Given that most people now place all their personal data online, the proposals in the Investigatory Powers Bill – dubbed the ‘Snooper’s Charter’ would grant enormous surveillance capabilities to the government.
If they proceed, the proposals could undermine trust in the internet as a whole, from service providers, to device manufacturers, to the apps people use as part of their everyday lives.
But it also has serious implications for technology companies who, under the proposals, would be legally bound to help UK police and security services access an individual’s device.
What’s more, the current wording of the bill means that any software made by a British company could soon be perceived to be facilitating government spying on its customer’s data.
This could have enormous repercussions by making it much harder for British technology and information security companies to compete globally.
Despite several revisions, the current wording of the IP Bill suggests that it would force technology companies to create backdoors that allow government agencies to access data, or force them to decrypt any potentially sensitive data as deemed necessary by government agencies.
The Home Office has a chequered past when it comes to exploiting loosely worded legislation. For example, it can deem any service that connects to the internet as a CSP (communications service provider).
Since all services and software connects to the internet these days, this classification can be extended to any business that offers connected services or software.
Once classified as a CSP, the Home Office can mandate, through the technical assistance clauses in the legislation, a re-write of that business’ software to include backdoors.
While this currently requires judicial approval, the burden of proof is still on the business to prove that any modification of its software would be an undue burden.
The government’s unwillingness to categorically deny that it will seek backdoors creates an environment where all software and software-as-a-service offerings released by British companies will have the overhang of suspicion that they could have backdoors created to snoop on customers’ data.
This will have major negative consequences for the British software industry as a whole, because any products or services released by a British company will be viewed as untrusted and insecure.
While the UK may be following a path laid out by the USA, not all governments choose to adopt such surveillance strategies.
The Dutch government has said publicly that it will not force technology firms to share encrypted communications such as emails with its security agencies.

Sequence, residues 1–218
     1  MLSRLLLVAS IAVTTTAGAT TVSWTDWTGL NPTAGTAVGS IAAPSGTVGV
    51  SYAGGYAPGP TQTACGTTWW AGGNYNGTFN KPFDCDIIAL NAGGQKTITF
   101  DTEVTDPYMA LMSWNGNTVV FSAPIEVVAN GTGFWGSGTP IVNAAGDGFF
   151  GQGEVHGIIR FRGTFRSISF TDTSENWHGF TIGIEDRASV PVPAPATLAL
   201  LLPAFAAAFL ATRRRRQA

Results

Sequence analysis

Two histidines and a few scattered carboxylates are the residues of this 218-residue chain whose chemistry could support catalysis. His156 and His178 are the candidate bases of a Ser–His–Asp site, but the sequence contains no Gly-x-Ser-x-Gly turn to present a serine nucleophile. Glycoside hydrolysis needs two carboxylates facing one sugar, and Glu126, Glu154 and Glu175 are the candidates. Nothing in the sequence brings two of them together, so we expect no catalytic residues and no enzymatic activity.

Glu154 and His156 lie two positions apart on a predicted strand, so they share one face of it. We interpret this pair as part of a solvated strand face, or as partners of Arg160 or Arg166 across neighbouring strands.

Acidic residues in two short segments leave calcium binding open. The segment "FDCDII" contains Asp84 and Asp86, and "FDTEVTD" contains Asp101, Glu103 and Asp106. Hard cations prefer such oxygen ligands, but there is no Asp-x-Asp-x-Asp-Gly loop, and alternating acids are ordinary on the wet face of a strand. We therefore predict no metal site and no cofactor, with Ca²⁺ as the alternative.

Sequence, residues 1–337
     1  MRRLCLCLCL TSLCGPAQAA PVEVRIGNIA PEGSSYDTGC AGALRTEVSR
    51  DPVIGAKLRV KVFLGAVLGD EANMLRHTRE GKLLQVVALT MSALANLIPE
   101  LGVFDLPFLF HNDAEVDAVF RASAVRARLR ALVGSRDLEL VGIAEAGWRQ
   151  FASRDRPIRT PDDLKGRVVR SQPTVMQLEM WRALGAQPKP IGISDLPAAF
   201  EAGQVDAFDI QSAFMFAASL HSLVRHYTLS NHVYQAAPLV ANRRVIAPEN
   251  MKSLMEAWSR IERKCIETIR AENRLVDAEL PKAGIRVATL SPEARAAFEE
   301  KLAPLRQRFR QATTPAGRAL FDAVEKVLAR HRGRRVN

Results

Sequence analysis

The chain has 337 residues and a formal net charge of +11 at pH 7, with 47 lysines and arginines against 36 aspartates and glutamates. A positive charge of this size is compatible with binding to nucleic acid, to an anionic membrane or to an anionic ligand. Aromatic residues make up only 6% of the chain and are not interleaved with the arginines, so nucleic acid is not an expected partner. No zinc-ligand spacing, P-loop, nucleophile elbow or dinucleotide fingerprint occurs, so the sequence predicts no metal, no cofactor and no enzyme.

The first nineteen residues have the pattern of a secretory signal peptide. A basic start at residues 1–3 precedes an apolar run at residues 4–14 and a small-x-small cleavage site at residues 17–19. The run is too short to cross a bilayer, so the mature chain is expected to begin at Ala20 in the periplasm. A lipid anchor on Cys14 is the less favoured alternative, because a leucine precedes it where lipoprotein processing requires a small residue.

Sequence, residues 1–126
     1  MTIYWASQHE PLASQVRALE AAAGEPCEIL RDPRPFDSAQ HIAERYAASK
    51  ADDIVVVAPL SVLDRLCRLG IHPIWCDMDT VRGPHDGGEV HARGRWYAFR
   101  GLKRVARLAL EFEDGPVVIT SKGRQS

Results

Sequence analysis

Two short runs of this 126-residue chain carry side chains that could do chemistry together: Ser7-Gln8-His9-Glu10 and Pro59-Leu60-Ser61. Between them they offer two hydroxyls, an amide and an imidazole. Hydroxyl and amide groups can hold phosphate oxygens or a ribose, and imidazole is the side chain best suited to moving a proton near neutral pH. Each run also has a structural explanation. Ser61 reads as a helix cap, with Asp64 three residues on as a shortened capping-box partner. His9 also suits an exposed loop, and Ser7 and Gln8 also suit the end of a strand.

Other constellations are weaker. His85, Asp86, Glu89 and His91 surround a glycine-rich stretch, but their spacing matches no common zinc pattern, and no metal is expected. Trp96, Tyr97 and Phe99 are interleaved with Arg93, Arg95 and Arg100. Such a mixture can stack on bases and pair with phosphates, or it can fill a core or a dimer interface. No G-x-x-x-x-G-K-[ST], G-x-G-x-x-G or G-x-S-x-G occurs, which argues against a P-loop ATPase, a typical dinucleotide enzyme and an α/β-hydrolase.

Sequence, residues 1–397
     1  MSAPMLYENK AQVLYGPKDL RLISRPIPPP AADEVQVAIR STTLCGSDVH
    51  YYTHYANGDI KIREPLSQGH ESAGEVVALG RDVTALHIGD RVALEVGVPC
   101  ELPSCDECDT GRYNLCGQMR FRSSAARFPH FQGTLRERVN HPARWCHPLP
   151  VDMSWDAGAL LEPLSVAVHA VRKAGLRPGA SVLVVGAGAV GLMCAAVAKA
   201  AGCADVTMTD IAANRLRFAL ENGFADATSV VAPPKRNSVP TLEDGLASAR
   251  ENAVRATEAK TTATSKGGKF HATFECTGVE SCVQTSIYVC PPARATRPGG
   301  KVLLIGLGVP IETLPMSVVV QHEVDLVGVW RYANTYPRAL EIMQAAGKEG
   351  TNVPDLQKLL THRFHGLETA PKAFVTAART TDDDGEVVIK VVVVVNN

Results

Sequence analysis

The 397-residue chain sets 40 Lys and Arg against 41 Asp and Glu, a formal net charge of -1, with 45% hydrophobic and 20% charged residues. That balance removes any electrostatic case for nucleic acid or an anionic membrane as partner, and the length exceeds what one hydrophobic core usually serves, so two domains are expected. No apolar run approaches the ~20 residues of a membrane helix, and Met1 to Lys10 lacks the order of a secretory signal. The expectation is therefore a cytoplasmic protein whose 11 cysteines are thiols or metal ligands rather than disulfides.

In a letter to the Dutch parliament, the head of the Ministry of Security and Justice, Ard van der Steur, explained the government’s reasons for endorsing strong encryption, which sound quite similar to those cited by Apple’s CEO, Tim Cook.
According to a translation of the letter, van der Steur pointed to the uses of encryption for protecting the privacy of citizens, securing confidential communications by government and businesses, and ensuring the security of internet commerce and banking against cybercrime.
British technology and information security companies are already being courted by the Dutch, Swiss and Luxembourg governments as places to re-domicile their businesses to ensure operational continuity because of their declarative statements on encryption.
Many British businesses will respond to this call in order to lose the overhang of offering insecure products in a globally competitive environment.
Without an explicit ‘No backdoors’ statement written into the legislation, this bill will harm British industry by making it more difficult for British business to compete globally.
It will also harm the security of its citizens, and create the kind of ‘business vs. government’ mentality that will make us all less safe.
The problem is that the IP bill wouldn’t just make it easier for the government to spy on UK citizens – it would also weaken the very products and standards that people use to protect themselves.
The government believes it can manipulate security in such a way that only they can take advantage of that subversion, but this is a fallacy. The same technologies, standards and products are used by everyone, so we either allow everyone to spy on everyone, or prevent anyone from spying on anyone.
If we insert vulnerabilities, we weaken security for everyone. The same vulnerabilities used by intelligence agencies to spy on global citizens can also be used by criminals to steal your passwords. We either enable spying – by either governments or hackers – or we defend against it.
This kind of government interference doesn’t just damage the products and technologies in question – it damages the trust in the internet entirely.
Some of the potential applications of the internet that would benefit citizens and entrepreneurs have already been stymied by unresolved trust issues. E-voting has stalled and migration to the cloud is suffering.
For the internet to continue to grow and flourish, we need to re-establish the foundation for trust. To do this, users need to believe that the systems they use online are not part of a government programme to spy and snoop on its citizens. We all own the internet, and we need to fix it together.
Sourced from Brian Spector, CEO, MIRACL
In 2013, security firm MIRACL (formerly known as Certivox) decided to pull its PrivateSky secure email product after GCHQ forced it to hand over users’ data. Rather than spend £500,000 building a backdoor into the system to mainline customer data to GCHQ, or potentially face jail for not complying with the government order, the company decided to shut down its service down entirely.